I hate to get into politics, but there is an aviation-linked story that is just too amazing to skip: the Delta NRA spat. You see, Delta Airlines posted last week that it would no longer honor NRA discounts. Gary Leff reported that Delta was starting to “walk back” it’s anti-NRA stance.
Georgia’s Lieutenant Governor made a threat:
Did Delta’s NRA Stance hurt them?
I’m not one for making such an argument, but the media is certainly making a quick connection of the Delta NRA argument. On 1 March, Georgia Governor Nathan Deal was prepared to sign a tax bill that lacked relief for a jet fuel tax for Delta Airlines. It’s important to note that Delta Airlines is headquartered in Georgia, and is a kind of a big employer.
Could the NRA break Delta’s Atlanta Fortress Hub?
For the uninitiated, a Fortress hub exists when an airline controls the majority of the market. I used to think that there was no greater example than Delta and Atlanta, though for some reason, American Airlines seems to win the news, with its hub in Charlotte. But American is not the story here. Rather, Delta is. Delta has its Headquarters and largest hub in Atlanta. It further has hubs in Detroit, Minneapolis/St. Paul, New York’s LaGuardia and JFK, Salt Lake City, LAX, and the often talked about Seattle-Tacoma. If I were to brew that down, I’d say Delta’s biggest impacts would be Atlanta, Detroit, and Minneapolis. Atlanta Airport, Delta’s primary hub–and where its headquarters is located–is largely viewed as the world’s busiest airport.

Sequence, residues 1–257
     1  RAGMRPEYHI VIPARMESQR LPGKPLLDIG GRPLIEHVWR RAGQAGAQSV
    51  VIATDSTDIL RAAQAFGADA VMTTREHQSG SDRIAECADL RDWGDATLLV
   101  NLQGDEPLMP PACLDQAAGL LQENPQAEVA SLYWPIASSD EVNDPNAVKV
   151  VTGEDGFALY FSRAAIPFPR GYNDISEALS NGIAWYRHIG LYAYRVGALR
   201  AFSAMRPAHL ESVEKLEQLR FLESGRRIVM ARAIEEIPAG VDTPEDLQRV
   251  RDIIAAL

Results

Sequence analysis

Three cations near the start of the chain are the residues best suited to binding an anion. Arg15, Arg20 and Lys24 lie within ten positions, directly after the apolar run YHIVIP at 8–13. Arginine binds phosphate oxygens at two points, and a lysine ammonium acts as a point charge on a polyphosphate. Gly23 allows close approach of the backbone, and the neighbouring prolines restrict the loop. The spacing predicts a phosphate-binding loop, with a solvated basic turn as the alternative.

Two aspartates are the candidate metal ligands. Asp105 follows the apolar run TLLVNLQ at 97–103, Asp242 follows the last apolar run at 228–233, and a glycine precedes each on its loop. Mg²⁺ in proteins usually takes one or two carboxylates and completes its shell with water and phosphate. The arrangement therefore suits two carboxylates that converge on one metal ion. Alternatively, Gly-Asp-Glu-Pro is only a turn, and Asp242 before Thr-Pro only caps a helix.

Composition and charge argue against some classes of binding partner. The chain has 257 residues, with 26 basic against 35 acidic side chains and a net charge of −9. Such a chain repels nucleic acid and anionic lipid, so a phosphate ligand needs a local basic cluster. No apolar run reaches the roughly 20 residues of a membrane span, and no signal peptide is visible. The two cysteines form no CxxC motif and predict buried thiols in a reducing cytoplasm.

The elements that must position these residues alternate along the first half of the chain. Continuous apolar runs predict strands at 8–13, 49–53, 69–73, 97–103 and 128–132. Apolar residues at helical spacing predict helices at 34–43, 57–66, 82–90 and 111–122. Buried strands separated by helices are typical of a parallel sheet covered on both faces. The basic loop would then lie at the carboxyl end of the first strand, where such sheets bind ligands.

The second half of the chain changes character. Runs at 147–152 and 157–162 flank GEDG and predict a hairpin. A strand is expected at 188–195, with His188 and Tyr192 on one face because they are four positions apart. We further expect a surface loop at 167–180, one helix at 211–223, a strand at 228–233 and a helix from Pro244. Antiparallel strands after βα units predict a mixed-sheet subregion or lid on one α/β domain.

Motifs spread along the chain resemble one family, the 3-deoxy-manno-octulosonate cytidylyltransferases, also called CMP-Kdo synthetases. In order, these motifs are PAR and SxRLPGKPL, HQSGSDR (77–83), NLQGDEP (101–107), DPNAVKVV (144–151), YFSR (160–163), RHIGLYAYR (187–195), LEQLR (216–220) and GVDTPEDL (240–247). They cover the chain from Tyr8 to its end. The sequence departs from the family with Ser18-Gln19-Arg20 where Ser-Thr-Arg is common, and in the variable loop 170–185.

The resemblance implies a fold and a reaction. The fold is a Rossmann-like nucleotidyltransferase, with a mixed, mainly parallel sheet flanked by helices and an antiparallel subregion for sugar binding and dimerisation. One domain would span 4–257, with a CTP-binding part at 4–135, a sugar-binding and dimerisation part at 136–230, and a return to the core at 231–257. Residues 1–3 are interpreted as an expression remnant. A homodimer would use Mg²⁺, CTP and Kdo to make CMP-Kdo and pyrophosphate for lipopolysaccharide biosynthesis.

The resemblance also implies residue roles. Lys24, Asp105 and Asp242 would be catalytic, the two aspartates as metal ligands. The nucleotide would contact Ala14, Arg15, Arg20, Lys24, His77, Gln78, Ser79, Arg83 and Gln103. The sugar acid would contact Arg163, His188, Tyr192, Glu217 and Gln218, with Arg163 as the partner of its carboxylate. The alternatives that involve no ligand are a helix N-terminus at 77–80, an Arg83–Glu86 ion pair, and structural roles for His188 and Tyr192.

While I would admit that this is pure speculation, I would ask: Could Georgia’s political decisions over the Delta NRA argument cause the carrier to change their overall strategies?
Lets consider some of the recent issues that Delta has faced:
- Delta experienced cancellations in Atlanta in December due to a power outage.
- Delta had a similar Power Outage Issue in August, 2016.
- Atlanta also experienced a variety of ice storms over the past few years.
I’m not going to assert that the Delta NRA spat will cause the company to move its Headquarters or shift focus from its Atlanta hub. But, I’d argue this current situation could be a reason for Delta to open the aperture so to speak, and look at what other options they have. There are many cities and states that would love to get Delta’s headquarters. Just look at how Amazon’s second headquarters is getting so much press.
I’ll finish with this:
Is this current issue the thing that breaks the Delta Atlanta Fortress Hub?
8 thoughts on “Could the Delta NRA Spat break the Atlanta Fortress Hub?”
Dude – you gotsa proofread this.
The errors undermine the integrity of the piece.
@ChiliPalmer – My general process is to always do a read through, though no one is infallible. Can you help point out what I got wrong, so I can revise?
Nah, this is trash writing anyway, had he read and thought about what he wrote he wouldn’t have posted it. In the history of the hub system has any US airline relocated because of utility issues and a “recent spat of ice storms”?
@AG – Thanks for your comment. Infrastructure is important, but one of the great values of a hub–if not fortress hub–is the influence you get. If that influence is wanning in Georgia, you don’t pick up and drop the hub, but you put your investment, your new exciting routes, into other hubs. Just my read.
“some of the resent issues”
There could be something in there that’s incorrect – but I’m not sure.
@Chili Palmer – I appreciate the edits!
For one, “kind’ve big employer” mabes should have been “kind of”?
For one, Delta shouldn’t get a dime in tax breaks. In no way should the tax payers provide welfare to corporate giants. Oh, but they provide jobs! Oh really? How much in tax breaks are the mom and pop shops getting? They provide jobs too you know.
But back on topic… they cut a benefit to the NRA. So? What benefit/partnership does the NRA have to do with Delta? I’m a licensed pyrotechnician. If I’m a member of the PGI, can I get a discount?
“Corporations cannot attack conservatives”, LMAO! You don’t get to scream “free markets!” and start crying when the free market decides to change their business approach.